Mixed Vegetable Kabab in Handi Curry Recipe

Mixed Vegetable Kabab in Handi Curry Recipe

Ingredients :

1. Onion / Vengayam – 1 cup

2. Mixed Vegetables – 1 cup (steam cooked)

3. Potato / Urulai Kizhangu – 2 small (cooked and mashed)

4. Coriander Leaves / Kothamalli Ilai – few finely chopped

5. Dill Leaves – few chopped

6. Green Chili’s / Pachai Milagai – 2

7. Ginger / Inji

8. Coriander Cumin Powder – 1 Ts

9. Turmeric Powder – 1 Ts

10. Garam Masala Powder

11. Pepper Powder / Milagu Thool

12. Cumin Seeds / Seerakam

13. Salt

14. Oil / Yennai

(Ingredients For Handi Curry)

1. Onion / Vengayam – 1 cup

2. Green Chili’s / Pachai Milagai – 2

3. Tomato Puree

4. Thick Yogurt / Thayir – 1 cup

5. Coriander Leaves / Kothamalli Ilai – finely chopped

6. Turmeric Powder / Manjal Thool – 1 Ts

7. Coriander Cumin Powder – 1 Ts

8. Red Chili Powder – 2 Ts

9. Ginger Garlic Paste / Inji Poondu Vizhuthu

Method :

(For Making Kabab)

1. Take a pan add oil and heat it, add cumin seeds and let it splutter

2. Then add green chili and garlic, saute them well, then add onions, coriander cumin powder, turmeric powder, and dill leaves, mix and saute them well. Add the steam cooked mixed vegetables and cook for another 2-3 minutes

3. Now let the vegetable masala mixture cool, then grind it to a fine paste, then add it to a mixing bowl, also add other ingredients like mashed potato’s, garam masala powder, coriander leaves, salt, and some flour for binding, mix all ingredients together well, make small balls out of it and flatten them a little, fry them in oil, until they turn golden brown in color, the kabab ‘s are ready

(For Making Curry)

1. Take a pan add oil and heat it, then add onions, green chili’s, saute them well, add turmeric powder, coriander cumin powder, red chili powder, mix and saute them well

2. Then add ginger garlic paste, mix and saute well until raw flavor is gone, add tomato puree, mix well and cook. Now add yogurt, shredded coconut (optional), garam masala powder, and salt, mix and let the curry cook for sometime, then add the kabab (break them to slightly bigger pieces) to the curry, mix well and remove from stove after 1-2 minutes, Garnish with coriander leaves, the recipe is ready

Steamed Afghani Kabab

Steamed Afghani Kabab

Ground Beef//lamb 1 1/2 lbs
Onions 3 medium
Garlic 2 1/2 tsp
Coriander Powder 2 1/2 tsp
Salt 1 1/2 tsp or according to your taste
Turmeric Powder 1 tsp
Black Pepper Powder 1 tsp
Tomatoes 7-8 large
Green Peppers 4-5
Cilantro 1/2 bunch chopped
Oil 1 to 1 1/2 cup or according your desire
Video Rating: / 5

Aloo Keema Recipe Minced Beef & Potato Curry Indian Masala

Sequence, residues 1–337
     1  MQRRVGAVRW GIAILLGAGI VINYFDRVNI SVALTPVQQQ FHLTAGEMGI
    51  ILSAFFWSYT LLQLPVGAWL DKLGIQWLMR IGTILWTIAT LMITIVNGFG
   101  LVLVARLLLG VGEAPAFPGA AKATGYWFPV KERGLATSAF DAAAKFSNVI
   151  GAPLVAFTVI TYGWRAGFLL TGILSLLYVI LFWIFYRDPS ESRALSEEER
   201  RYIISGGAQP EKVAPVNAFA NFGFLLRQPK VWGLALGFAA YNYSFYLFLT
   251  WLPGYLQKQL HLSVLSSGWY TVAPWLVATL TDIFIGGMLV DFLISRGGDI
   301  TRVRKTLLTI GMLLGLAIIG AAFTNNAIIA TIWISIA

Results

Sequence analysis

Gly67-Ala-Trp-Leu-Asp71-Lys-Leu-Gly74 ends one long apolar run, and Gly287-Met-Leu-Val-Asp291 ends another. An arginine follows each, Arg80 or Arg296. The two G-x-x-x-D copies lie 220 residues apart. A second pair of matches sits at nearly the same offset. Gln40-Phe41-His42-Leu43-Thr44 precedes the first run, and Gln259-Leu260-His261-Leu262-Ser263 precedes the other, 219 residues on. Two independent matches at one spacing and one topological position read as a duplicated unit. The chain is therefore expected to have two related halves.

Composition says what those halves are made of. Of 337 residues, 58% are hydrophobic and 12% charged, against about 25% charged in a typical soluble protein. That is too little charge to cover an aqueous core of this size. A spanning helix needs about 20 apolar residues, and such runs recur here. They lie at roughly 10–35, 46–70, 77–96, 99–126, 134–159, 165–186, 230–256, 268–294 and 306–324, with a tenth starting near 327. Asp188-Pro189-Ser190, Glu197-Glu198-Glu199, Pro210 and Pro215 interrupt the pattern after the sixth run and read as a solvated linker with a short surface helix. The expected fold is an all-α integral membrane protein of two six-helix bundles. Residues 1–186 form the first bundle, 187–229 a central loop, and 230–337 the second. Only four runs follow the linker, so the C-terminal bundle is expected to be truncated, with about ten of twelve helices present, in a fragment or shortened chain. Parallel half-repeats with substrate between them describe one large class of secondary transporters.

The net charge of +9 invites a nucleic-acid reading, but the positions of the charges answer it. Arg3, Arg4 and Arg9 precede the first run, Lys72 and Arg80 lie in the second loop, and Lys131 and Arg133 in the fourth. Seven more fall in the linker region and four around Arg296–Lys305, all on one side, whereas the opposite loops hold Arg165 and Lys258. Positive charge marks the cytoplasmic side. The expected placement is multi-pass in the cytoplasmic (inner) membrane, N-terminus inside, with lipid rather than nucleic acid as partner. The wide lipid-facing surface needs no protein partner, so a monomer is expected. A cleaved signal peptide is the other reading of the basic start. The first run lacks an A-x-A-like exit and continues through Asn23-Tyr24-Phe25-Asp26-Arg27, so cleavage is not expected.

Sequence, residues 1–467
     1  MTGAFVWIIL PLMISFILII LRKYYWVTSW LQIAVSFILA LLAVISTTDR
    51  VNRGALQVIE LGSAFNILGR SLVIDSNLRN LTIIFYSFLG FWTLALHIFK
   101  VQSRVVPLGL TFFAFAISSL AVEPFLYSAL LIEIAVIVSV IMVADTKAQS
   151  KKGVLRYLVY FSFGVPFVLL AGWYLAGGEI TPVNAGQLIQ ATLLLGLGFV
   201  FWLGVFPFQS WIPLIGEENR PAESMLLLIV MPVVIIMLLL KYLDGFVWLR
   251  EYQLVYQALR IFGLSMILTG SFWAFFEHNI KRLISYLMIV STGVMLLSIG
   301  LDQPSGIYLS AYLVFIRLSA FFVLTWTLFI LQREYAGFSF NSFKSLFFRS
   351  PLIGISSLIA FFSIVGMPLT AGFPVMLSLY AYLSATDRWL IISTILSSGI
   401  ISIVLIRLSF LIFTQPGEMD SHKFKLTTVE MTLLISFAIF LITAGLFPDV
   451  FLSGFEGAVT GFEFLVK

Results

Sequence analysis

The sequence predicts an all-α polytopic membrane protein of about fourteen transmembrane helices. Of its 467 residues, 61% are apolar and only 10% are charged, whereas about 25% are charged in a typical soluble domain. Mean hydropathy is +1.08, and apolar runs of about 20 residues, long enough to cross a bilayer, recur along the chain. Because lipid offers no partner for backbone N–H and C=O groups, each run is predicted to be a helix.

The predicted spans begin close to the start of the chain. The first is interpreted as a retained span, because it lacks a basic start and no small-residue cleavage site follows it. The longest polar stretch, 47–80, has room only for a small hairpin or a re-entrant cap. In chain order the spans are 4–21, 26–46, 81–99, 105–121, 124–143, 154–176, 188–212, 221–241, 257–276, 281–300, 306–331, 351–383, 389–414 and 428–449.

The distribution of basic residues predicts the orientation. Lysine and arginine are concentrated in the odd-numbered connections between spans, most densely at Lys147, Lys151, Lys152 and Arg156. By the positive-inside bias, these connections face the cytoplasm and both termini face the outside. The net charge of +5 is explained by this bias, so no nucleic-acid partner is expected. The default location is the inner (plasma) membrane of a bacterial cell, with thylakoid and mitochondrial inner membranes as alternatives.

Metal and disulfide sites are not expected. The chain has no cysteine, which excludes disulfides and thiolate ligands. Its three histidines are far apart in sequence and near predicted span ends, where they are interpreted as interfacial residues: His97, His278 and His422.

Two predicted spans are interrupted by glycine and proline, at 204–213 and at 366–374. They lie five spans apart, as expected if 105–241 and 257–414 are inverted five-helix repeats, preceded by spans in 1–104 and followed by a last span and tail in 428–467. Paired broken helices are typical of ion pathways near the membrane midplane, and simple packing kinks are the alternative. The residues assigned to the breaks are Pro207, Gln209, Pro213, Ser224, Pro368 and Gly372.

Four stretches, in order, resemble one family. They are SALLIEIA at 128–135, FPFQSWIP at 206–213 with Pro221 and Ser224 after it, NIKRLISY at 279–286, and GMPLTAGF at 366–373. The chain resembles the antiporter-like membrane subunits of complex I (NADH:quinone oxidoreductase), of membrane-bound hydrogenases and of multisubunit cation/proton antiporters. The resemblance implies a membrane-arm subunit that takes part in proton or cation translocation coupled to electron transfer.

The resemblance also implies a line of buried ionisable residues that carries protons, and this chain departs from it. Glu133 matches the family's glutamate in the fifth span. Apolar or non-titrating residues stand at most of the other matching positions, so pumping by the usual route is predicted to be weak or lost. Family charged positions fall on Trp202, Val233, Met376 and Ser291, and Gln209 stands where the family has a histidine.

Curry /ˈkʌri/, plural curries, is the generic English term primarily employed in Western culture to denote a wide variety of dishes whose origins are Southern and Southeastern Asian cuisines, as well as New World cuisines influenced by them such as Trinidadian, Mauritian or Fijian. Their common feature is the incorporation of complex combinations of spices and/or herbs, usually including fresh or dried hot chillies. In original traditional cuisines, the precise selection of spices for each dish is a matter of national or regional cultural tradition, religious practice, and, to some extent, family preference. Such dishes are called by specific names that refer to their ingredients, spicing, and cooking methods. http://www.howtocookgreatcurry.comTraditionally, spices are used both whole and ground; cooked or raw; and they may be added at different times during the cooking process to produce different results. Curry powder, prepared mixture of spices, is largely a Western notion, dating to the 18th century. Such mixtures are commonly thought to have first been prepared by Indian merchants for sale to members of the British Colonial government and army returning to Britain. Dishes called “curry” may containhttp://www.howtocookgreatcurry.com meat, poultry, fish, or shellfish, either alone or in combination with vegetables. They may instead be entirely vegetarian, especially among those for whom there are religious proscriptions against eating meat or seafood.Curries may be either “wet” or “dry.” Wet curries contain significant amounts of sauce or gravy based on yoghurt, coconut milk, legume purée (dal), or stock. Dry curries are cooked with very little liquid which is allowed to evaporate, leaving the other ingredients coated with the spice mixture. The main spices found in most South Asian curry powders are turmeric, coriander, and cumin; a wide range of additional spices may be included depending on the geographic region and the foods being included (white/red meat, fish, lentils, rice and vegetables). Curry was adopted and anglicised from the Tamil word kari (கறி) meaning ‘sauce’, which is usually understood to mean vegetables and/or meat cooked with spices with or without a gravy. According to this theory, http://www.howtocookgreatcurry.comkari was first encountered in the mid-17th century by members of the British East India Company trading with Tamil (Indian) merchants along the Coromandel Coast of southeast India, particularly at Fort St. George (later called Madras and renamed Chennai in 1996). Here, they became familiar with “a spice blend used for making kari dishes … called kari podi or curry powder.”. A further explanation put forward in The Flavours of History claims the origins of the word curry to be from old English first recorded in ‘The Forme of Cury’ (1390). Historically, the word “curry” was first used in British cuisine to denote dishes of meat (often leftover lamb) in a Western-style sauce flavoured with curry powder.The first curry recipe in Britain appeared in The Art of Cookery made Plain and Easy by Hannah Glasse in 1747. The first edition of her book used only black pepper and coriander seeds for seasoning of “currey”. By the fourth edition of the book, other ingredients such as turmeric and http://www.howtocookgreatcurry.comginger were called for. The use of hot spices was not mentioned, which reflected the limited use of chili in India — chili plants had only been introduced into India around the late 15th century and at that time were only popular in southern India.